If you ever doubted that animals feel sorrow, this photograph will make you believe.
Featured in the November issue of National Geographic Magazine, the touching photo captures more than a dozen chimpanzees gazing on as the body of one of their own is wheeled away.
The photograph was taken in September 2008, after Dorothy, a female chimp in her late 40s died of congestive heart failure at Cameroon's Sanaga-Yong Chimpanzee Rescue Center.
Monica Szcupider, the photographer, submitted the photo to "Your Photo" a National Geographic feature that solicits pictures readers have taken. She told the magazine that she had been a volunteer at the rescue center where Dorothy had lived for eight years.
Before arriving at the center, Dorothy had been a "mascot" at an amusement park in Cameroon. For 25 years, she was confined, teased, taught to drink beer and smoke cigarettes, National Geographic reported. The mistreatment took its toll and, by the time she was rescued by the center in 2000, she was obese and in poor health. But as she recovered, she grew very close to the other chimps at the refuge.
"Her presence, and loss, was palpable, and resonated throughout the group. The management at Sanaga-Yong opted to let Dorothy's chimpanzee family witness her burial, so that perhaps they would understand, in their own capacity, that Dorothy would not return," Szcupider said. "Some chimps displayed aggression while others barked in frustration, but perhaps the most stunning reaction was a recurring, almost tangible silence. If one knows chimpanzees, then one knows that [they] are not [usually] silent creatures."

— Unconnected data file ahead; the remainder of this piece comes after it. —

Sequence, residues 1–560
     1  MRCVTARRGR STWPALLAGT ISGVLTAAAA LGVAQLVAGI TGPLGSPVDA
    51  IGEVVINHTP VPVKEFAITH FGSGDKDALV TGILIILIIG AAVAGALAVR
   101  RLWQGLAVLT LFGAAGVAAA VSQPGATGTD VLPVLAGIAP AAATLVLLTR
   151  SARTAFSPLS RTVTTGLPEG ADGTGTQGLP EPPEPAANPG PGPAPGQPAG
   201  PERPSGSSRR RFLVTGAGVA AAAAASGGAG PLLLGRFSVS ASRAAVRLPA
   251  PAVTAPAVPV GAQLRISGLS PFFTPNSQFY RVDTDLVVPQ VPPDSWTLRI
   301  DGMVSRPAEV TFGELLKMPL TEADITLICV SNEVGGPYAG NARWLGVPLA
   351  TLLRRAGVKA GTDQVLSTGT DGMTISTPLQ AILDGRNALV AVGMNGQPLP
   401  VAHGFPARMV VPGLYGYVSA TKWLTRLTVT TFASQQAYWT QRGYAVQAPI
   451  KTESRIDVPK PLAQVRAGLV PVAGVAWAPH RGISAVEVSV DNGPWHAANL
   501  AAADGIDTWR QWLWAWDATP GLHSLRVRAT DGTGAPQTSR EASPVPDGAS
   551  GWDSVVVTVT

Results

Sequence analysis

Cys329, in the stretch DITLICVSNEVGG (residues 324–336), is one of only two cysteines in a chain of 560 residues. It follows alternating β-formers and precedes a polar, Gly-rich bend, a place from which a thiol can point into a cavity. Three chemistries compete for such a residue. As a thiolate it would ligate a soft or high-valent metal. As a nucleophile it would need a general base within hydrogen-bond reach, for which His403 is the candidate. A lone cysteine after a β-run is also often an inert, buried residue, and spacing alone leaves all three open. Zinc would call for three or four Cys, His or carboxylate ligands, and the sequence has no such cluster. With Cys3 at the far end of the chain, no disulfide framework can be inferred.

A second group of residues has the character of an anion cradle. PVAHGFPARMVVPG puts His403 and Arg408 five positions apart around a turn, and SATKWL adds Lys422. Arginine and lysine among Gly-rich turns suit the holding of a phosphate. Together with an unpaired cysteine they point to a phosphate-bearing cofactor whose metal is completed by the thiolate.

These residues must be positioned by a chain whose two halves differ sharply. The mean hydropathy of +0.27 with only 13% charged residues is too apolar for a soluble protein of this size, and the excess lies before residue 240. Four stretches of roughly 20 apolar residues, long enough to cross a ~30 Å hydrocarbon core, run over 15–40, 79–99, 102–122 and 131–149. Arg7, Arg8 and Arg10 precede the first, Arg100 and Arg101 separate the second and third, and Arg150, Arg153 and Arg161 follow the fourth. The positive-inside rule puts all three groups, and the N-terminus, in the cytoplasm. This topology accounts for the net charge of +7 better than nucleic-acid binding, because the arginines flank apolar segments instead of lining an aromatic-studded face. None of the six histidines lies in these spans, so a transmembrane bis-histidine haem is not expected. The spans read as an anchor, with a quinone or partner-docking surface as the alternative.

Patti Ragan, director of the Center for Great Apes in Wauchula, Fla., told ABCNews.com that when she first saw the photograph she was touched, but not surprised, by the chimps' reaction.
"All great apes feel sorrow when they lose someone in their family," she said, adding that human and ape DNA sequences are 99 percent similar.
"There are many cases where older animals have died or sick animals have died, and the keeper will allow the rest of the family to mourn," she said. "Animals will come up and touch the body and sit with it."
A few years ago, she said, a male chimp at her center named Charlie had a heart attack and died while he was with his daughter and his mate of many years.
"They were crying and very distressed," Ragan said. Charlie's mate, Oopsie, was so stricken with grief that she refused food and wouldn't leave her nest for 2 or 3 days.
Other species, such as elephants, parrots and other house pets, also mourn the passing of loved ones, she said.
And, like humans, animals' reactions can't be generalized.
"It's individual," Ragan said. "Some people cope in a certain way, some can't."